In order to obtain an unbiased estimate of the genetic effect size, we used the entire distribution of episodic memory scores in four independent cohorts of non-demented and unrelated elderly individuals: The National Institute of Aging Late Onset Alzheimer Disease (NIA-LOAD), The Alzheimer Disease Neuroimaging Initiative (ADNI), The Alzheimer’s Disease Genetic Consortium (ADGC) and The Washington Heights Aging Project (WHICAP). We replicated the association between EEM and SNPs under this linkage region in four independent replication datasets (Figure 1). We also found that the strongest association with episodic memory occurs among individuals lacking an APOE-ε4 allele.

The region we identified on chromosome 6q24 contains several highly plausible biological candidate genes. Our strongest association was observed at SNP rs6902875, which is located 372bp downstream of the MOXD1 gene. This gene is involved in the biosynthesis of norepinephrine, a neurotransmitter expressed in brain areas involved in cognitive performance. Additional candidate genes include HSF2, heat shock factor protein 2, gene which contributes to neural plate induction in early mammalian central nervous system and brain development (3), and NKAIN2, the Na (+)/K(+)-transporting ATPase subunit beta-1-interacting protein gene that is part of a transmembrane protein family neuronally expressed in mouse brains and associated with human neurological phenotypes (4).

By selecting LLFS families demonstrating exceptional episodic memory, we were able to identify relevant QTLs in 6q24 chromosomal region and demonstrated that these common genetic variants can be extended to a related phenotype in the general population. Identifying genes responsible for exceptional episodic memory provides insights into biological pathways associated with memory performance and possible interventions for enhancement of cognitive function.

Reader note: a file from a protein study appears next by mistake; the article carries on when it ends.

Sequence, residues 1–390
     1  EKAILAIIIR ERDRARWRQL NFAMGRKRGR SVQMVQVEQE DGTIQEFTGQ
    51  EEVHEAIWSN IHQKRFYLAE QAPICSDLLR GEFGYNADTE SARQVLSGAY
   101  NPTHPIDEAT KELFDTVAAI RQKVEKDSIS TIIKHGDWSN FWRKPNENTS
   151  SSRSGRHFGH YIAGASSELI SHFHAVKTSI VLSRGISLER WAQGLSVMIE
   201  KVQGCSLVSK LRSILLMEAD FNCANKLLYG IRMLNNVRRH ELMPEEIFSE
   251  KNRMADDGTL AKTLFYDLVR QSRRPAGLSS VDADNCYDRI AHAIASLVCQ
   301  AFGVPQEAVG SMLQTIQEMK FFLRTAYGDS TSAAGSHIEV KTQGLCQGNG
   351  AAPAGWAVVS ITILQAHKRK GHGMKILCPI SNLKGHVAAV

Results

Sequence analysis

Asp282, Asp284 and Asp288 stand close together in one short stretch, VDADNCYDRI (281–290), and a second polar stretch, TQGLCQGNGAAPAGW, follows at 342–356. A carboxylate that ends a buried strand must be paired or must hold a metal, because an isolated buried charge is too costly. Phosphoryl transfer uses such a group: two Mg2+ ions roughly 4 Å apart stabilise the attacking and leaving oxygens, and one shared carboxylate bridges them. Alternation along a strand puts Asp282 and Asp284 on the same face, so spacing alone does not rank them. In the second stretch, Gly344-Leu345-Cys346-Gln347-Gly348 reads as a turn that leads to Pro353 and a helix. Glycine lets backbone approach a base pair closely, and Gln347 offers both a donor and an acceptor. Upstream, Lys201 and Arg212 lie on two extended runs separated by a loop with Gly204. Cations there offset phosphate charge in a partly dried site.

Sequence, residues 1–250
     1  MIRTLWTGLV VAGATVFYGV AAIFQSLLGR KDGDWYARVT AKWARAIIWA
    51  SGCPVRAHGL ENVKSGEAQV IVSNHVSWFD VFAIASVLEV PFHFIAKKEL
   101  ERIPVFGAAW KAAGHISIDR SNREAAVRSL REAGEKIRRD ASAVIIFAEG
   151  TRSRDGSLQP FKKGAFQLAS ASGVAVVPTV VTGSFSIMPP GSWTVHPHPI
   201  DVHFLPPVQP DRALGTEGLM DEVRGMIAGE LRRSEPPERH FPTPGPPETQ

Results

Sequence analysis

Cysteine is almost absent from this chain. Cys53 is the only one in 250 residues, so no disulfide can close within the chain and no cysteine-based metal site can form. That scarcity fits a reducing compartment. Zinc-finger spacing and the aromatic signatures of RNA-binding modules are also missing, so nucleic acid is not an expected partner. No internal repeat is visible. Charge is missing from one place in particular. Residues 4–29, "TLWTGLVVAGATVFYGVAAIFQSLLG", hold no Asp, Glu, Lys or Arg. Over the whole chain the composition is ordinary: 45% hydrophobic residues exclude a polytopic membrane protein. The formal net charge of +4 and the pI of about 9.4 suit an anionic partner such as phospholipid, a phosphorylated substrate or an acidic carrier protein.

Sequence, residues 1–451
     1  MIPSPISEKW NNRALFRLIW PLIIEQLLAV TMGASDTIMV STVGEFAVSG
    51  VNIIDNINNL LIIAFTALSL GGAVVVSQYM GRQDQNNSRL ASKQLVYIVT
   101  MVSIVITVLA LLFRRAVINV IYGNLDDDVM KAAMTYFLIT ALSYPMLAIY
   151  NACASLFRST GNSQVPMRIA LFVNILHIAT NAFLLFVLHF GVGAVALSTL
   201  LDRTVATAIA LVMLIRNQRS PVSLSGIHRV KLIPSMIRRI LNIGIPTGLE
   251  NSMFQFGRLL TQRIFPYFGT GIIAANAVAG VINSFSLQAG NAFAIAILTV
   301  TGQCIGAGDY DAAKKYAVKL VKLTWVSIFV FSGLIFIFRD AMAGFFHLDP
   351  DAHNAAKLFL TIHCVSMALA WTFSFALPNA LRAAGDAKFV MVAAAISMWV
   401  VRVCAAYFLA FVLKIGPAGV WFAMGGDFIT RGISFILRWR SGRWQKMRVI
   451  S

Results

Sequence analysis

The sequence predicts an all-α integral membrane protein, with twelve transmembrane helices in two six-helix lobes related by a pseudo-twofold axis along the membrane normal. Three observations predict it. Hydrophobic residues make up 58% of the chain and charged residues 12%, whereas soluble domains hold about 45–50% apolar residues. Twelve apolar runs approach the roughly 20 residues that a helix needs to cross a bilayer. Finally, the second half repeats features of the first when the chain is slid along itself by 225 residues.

fig1

Figure 1. Linkage analysis and follow-up SNP association analyses.

1a) Multipoint linkage analyses on chromosome 6q24 in 18 LLFS families. LOD scores are plotted against the genetic distance in centimorgans (cM). Maximum LOD score of 3.62 is located at 145cM (139,011,233 bp). Follow-up SNP association’s analyses evaluated the 112-164-Mb region encompassing the linkage peak.

1b) Plot of the 6324 SNPs associated with exceptional memory in the LLFS families.

1c) APOE stratified meta-analysis of 26 candidate SNPs in all four replication cohorts (NIA-LOAD, ADNI, ADGC and WHICAP). SNP marker rs6902875, with the strongest association with episodic memory performance, is located downstream a potential candidate gene, MOXD1 (123bp).

 

References

  1. Haworth CM, Wright MJ, Martin NW, Martin NG, Boomsma DI, Bartels M, et al. A twin study of the genetics of high cognitive ability selected from 11,000 twin pairs in six studies from four countries. Behav Genet. 2009;39(4):359-70. PMCID: 2740717.
  2. Barral S, Cosentino S, Costa R, Andersen SL, Christensen K, Eckfeldt JH, et al. Exceptional memory performance in the Long Life Family Study. Neurobiol Aging. 2013.
  3. Walsh D, Li Z, Wu Y, Nagata K. Heat shock and the role of the HSPs during neural plate induction in early mammalian CNS and brain development. Cell Mol Life Sci. 1997;53(2):198-211.
  4. Yue Y, Stout K, Grossmann B, Zechner U, Brinckmann A, White C, et al. Disruption of TCBA1 associated with a de novo t(1;6)(q32.2;q22.3) presenting in a child with developmental delay and recurrent infections. J Med Genet. 2006;43(2):143-7. PMCID: 2564632.